Jefferson Humanities & Health Programs

The Empathy Project

The Empathy Project, a collaboration between Jefferson and Lantern Theater Company initiated by Dr. Sal Mangione, seeks to foster empathy and tolerance for ambiguity among health professions students using the tools and techniques of the theatrical form. 

Register Empathy Project with Lantern Theater Company

The Empathy Project consists of a series of workshops designed to introduce Jefferson students and health professionals to the theatrical form, explore the basic tools of actors and playwrights, and guide them through the writing and staging of original short plays.

Through performance exercises, adaptation, and collaboration, this project challenges students to engage with characters possessing a variety of backgrounds and viewpoints, while simultaneously asking students to work with an eye toward the audiences for the stories they tell. The program culminates in a live presentation of selected plays written by participants, performed by an ensemble of Lantern artists and program participants for an audience of students, staff, and community members.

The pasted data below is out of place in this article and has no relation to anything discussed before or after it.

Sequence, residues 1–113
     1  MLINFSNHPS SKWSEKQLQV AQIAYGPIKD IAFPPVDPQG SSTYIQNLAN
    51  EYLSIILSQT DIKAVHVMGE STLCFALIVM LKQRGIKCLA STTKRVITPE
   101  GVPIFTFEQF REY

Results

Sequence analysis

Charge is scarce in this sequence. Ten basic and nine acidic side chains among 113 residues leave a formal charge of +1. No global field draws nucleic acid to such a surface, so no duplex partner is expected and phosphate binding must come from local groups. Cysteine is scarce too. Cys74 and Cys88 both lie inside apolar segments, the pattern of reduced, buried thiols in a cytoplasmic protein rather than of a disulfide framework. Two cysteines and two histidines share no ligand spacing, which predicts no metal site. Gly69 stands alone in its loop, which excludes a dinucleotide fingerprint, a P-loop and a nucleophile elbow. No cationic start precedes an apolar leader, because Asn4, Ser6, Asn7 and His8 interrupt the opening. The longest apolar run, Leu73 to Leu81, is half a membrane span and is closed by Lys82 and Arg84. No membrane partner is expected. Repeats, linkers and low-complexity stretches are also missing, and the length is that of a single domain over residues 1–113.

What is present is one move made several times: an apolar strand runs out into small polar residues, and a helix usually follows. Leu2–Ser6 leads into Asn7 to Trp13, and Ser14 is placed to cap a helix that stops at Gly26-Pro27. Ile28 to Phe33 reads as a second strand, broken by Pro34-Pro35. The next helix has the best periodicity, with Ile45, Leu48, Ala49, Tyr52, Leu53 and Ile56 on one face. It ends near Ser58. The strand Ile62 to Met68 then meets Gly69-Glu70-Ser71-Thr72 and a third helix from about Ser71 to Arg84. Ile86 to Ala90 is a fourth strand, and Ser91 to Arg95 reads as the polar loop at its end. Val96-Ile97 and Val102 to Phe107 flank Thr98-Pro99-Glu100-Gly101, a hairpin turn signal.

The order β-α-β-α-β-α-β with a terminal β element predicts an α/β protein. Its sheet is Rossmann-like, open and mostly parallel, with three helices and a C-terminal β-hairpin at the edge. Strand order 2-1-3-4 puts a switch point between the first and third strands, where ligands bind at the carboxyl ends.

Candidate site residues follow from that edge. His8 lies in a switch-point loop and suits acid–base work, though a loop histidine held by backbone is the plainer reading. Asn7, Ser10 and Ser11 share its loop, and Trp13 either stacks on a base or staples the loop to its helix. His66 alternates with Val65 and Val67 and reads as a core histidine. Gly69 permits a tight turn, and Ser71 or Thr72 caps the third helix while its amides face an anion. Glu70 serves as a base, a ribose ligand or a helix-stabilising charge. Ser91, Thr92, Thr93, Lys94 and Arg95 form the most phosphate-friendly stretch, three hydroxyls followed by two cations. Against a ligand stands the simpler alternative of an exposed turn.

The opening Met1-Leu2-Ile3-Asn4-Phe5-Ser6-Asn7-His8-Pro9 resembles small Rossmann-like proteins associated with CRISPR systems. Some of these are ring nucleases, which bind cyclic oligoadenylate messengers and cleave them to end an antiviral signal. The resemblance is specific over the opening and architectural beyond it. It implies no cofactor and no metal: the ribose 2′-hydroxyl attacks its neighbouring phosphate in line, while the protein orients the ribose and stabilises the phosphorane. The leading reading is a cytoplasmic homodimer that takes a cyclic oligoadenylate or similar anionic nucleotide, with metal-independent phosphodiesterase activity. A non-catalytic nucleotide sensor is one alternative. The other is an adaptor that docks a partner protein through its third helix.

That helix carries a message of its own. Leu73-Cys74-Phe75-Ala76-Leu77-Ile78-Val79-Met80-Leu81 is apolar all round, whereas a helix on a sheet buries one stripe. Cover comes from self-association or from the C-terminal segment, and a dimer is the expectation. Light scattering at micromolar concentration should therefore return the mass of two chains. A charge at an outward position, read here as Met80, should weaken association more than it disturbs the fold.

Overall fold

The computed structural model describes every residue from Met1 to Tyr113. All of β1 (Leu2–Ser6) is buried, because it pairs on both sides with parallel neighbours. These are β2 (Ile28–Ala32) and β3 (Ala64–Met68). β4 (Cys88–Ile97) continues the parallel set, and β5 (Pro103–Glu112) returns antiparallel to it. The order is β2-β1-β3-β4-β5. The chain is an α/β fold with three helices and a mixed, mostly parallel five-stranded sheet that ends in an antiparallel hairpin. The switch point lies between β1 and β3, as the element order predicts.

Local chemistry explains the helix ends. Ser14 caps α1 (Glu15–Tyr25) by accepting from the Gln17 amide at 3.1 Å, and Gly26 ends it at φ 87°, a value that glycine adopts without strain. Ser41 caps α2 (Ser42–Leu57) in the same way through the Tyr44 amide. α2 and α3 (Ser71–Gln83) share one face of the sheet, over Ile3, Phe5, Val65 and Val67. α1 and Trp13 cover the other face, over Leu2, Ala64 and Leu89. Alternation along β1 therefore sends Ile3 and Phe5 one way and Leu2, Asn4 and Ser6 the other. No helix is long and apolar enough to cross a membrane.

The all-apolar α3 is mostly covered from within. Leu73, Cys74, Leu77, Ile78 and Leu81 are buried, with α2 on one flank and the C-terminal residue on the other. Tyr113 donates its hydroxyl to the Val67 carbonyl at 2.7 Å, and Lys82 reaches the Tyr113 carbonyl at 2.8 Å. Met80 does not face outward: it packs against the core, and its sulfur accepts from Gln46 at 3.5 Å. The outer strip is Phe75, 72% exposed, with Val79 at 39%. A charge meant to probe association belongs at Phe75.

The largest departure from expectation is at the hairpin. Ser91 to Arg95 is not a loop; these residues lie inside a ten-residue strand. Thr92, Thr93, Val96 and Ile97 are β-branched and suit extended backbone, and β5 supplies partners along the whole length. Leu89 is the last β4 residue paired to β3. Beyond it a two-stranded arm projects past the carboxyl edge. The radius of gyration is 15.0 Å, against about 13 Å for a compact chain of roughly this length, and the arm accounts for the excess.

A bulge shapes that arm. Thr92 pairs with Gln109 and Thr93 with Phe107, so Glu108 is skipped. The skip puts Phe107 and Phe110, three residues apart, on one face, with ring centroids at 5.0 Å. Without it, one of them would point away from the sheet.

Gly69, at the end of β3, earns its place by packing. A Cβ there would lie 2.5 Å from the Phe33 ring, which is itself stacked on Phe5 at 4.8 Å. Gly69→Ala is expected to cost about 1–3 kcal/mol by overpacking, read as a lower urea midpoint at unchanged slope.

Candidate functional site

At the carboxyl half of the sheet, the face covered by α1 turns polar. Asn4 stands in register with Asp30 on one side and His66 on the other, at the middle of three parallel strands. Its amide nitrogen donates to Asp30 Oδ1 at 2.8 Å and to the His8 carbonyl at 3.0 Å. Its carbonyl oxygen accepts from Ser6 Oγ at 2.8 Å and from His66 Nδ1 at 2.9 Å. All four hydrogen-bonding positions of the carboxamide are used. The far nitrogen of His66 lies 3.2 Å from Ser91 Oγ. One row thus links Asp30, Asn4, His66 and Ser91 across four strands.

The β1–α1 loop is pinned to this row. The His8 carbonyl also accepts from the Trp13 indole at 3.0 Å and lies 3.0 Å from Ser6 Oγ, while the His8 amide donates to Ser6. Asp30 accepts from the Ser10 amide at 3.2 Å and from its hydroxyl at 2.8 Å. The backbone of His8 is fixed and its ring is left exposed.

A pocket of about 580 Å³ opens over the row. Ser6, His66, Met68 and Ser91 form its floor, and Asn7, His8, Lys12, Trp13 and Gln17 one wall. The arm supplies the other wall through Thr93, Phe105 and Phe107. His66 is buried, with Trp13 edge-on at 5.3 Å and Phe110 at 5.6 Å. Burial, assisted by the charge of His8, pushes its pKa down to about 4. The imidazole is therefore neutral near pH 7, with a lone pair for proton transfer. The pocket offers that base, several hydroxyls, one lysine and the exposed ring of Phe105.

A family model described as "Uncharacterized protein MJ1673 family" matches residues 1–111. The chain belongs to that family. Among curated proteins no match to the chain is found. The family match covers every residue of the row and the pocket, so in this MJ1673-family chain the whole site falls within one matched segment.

This course is free, non-credit, and open to all students, faculty, and staff; space is limited. 

For deadline to register, or for more information, contact: Kirstin Bowen, Education Coordinator.

Feedback from Previous Jefferson Participants

“After the first few theater classes, I realized that I started perceiving patients differently during my hospital affiliate visits. I was thinking about them much like you would think about a character in a play.  It was an exciting thing to notice, and something that I hope will make me a good doctor.”

“I think the process of writing and acting helped me process a lot of the hurt and pain I see every day in the hospital. It also helped me feel good about the work I do and gave me permission to simply be me."

“I think participation in this theater program helped me to feel a little less like a medical student, and a little more like a human being again. And that's a very good thing.”